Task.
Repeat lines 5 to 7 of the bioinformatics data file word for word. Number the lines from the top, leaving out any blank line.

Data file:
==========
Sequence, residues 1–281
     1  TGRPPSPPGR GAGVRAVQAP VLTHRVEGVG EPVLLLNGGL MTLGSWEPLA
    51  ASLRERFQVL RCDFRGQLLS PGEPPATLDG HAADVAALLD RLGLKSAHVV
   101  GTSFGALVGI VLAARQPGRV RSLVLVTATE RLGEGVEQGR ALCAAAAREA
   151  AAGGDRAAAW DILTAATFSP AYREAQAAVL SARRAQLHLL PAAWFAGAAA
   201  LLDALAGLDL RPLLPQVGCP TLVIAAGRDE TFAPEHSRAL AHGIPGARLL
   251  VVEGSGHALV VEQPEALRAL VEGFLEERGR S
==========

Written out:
   151  AAGGDRAAAW DILTAATFSP AYREAQAAVL SARRAQLHLL PAAWFAGAAA
   201  LLDALAGLDL RPLLPQVGCP TLVIAAGRDE TFAPEHSRAL AHGIPGARLL
   251  VVEGSGHALV VEQPEALRAL VEGFLEERGR S